Iggy Pop has always had a reputation for unpredictable stage antics, but one particular set might outshine the rest. He smothered himself in peanut butter during a 1970 concert in Cincinnati while immersed in the crowd, simultaneously flinging some at the rest of the audience. While the video clip makes it seem like the concertgoers don't mind, cheering on the artist, it seems unlikely that the clean-up crew enjoyed the stunt quite as much.
Ashlee Simpson surprised many Saturday Night Live viewers when pre-recorded vocals began playing out of place during her 2004 performance. According to her manager, father Joe Simpson, she was unable to sing live without a backing track due to acid reflux, and her drummer forgot to reset the track after the first song. The singer-songwriter's career was never quite the same after this lip-sync scandal, though to her credit, the New York Times recently asked, "Was Ashlee Simpson Underappreciated?"
Don't give Green Day time limits. In a 2012 performance at the iHeartRadio Festival, frontman Billie Joe Armstrong went on an expletive-riddled rant after seeing that he only had one minute remaining in their set. "I'm not f---ing Justin Bieber, you motherf---ers," he said in part, going on to smash his guitar before storming off the stage. Armstrong sought substance abuse treatment shortly after the performance and later admitted that he was at his "pill-taking height" in that chapter of his career.
Guns N' Roses
Guns N' Roses lead singer Axl Rose stirred up some controversy by jumping into the crowd after seeing a fan taking photos of him during a 1991 show in St. Louis. Following his return to the stahe, the frontman announced the end of the show, citing the "lame ass security" as the reason. A riot ensued, and 65 people were reportedly injured. Rose and several others were arrested.
Following a reported dispute between whether The Who or Jimi Hendrix would perform first at the 1967 Monterey International Pop Festival (The Who won the eventual coin flip, electing to take the stage before the late legend), the "Hey Joe" singer promised to "pull out all stops," and he did not disappoint. Besides shredding the guitar with his teeth and behind his head, he concluded his performance by dousing his guitar in lighter fluid and setting it ablaze. In the process, Hendrix "graduated from rumor to legend," the Los Angeles Times said at the time.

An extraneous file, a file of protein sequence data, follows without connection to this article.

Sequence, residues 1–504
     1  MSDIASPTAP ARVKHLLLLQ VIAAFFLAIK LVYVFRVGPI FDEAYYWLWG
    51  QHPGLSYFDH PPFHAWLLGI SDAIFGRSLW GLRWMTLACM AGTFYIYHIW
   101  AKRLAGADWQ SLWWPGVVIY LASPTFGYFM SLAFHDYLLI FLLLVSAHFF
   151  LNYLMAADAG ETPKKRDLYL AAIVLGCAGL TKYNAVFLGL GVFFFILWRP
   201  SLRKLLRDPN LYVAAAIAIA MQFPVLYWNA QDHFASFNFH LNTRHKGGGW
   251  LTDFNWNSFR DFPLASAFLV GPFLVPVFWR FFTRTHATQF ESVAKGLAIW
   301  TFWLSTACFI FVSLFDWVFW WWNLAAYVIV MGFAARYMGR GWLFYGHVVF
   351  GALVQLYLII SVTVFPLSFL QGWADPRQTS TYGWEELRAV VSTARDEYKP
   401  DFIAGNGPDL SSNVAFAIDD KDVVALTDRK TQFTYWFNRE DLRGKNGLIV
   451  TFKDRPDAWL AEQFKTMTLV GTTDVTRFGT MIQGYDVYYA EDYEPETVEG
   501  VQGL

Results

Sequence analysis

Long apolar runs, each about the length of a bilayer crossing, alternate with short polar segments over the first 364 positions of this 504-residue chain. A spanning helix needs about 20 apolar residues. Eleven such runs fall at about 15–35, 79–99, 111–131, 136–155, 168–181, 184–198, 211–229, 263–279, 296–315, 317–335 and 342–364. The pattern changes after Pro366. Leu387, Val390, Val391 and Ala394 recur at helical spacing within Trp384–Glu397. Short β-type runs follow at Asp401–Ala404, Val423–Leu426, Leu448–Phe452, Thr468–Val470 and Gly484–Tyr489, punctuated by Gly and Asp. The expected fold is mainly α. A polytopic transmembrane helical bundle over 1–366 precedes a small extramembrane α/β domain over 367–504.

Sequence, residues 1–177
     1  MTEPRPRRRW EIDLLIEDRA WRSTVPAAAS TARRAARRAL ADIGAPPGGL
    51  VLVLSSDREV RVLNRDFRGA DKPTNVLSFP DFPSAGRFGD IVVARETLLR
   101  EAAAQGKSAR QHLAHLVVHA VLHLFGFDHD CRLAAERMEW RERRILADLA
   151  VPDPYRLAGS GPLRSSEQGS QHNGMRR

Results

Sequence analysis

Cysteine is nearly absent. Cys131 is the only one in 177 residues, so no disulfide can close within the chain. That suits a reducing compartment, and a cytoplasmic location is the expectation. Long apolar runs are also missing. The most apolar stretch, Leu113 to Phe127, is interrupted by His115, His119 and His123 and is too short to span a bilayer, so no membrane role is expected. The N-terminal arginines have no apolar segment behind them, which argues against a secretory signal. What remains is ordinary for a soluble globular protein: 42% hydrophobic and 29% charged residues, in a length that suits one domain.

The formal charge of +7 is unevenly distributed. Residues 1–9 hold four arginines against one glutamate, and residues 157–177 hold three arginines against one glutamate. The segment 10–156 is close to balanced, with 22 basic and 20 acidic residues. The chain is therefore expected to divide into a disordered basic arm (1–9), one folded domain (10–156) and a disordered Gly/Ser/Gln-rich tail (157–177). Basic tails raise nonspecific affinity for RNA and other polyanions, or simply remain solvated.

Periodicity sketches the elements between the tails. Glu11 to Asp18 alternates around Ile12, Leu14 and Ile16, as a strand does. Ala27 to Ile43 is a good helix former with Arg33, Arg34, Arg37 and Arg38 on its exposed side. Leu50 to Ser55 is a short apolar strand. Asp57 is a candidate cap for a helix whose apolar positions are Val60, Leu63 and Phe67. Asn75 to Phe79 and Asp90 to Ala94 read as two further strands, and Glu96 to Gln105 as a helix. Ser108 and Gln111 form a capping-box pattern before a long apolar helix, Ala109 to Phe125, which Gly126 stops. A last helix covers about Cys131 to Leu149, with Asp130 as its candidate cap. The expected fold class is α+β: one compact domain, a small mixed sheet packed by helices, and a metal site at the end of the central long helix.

What so proudly we hailed at the twilight's lasts...screaming? Roseanne Barr screeched her way through the national anthem ahead of a 1990 baseball game between the Cincinnati Reds and the San Diego Padres. Barr was booed loudly, leading her to make an obscene gesture and spit at the end of the anthem. “I was singing in my act at the time – and I am a good singer – I was flattered and fully intended to sing a good version of the song,” she told the Washington Post in 2015. Barr explained that she got some good advice from Johnny Carson — “Whatever you do, don’t start too high," he told her — but wound up starting "too high."
Madonna's live performance of "Like a Virgin" during her Blond Ambition tour plays an integral role in her Truth or Dare documentary, released in 1991. This live performance made headlines because the musician simulated masturbation, which EW in 1991 described as "hilariously kinky." But it actually got Madonna in real trouble: As detailed in the doc, Canadian police threatened to arrest the star for her performance in Toronto. And in one of the most Madonna responses ever, she told her inner circle, "I’m not changing my f---ing show."
If you're out of dance moves, check out Corey Feldman's 2016 Today show performance for some suggestions. The Stand By Me and Goonies star appeared on the show to perform his song, "Go 4 It," and well, he really went for it. Decked out in all black with the rest of his band sporting all white to depict "good versus evil," the whole thing was a bit surprising, to say the least, and immediately went viral. He returned to the show not too long after to defend his performance and play another track.
The idea of going to see Diana Ross perform in Central Park for free sounds incredibly appealing, right? Perhaps not in a torrential downpour with winds gusting up to 55 miles per hour. In the midst of the 1983 show, Ross told the 450,000 people in attendance, "It took me a lifetime to get here, and I'm not going anywhere," drawing a huge cheer from the audience. With the rain deluging and winds swirling, Ross went on until it was impossible to continue. She promised to appear again the next night and held true to her word, albeit for a smaller crowd.
Beyoncé takes the show-must-go-on mentality seriously. During a 2013 concert in Montreal, Queen Bey's hair got stuck in a giant fan while performing "Halo." Even so, she hardly missed a beat, continuing on with the song as staff worked to free her hair.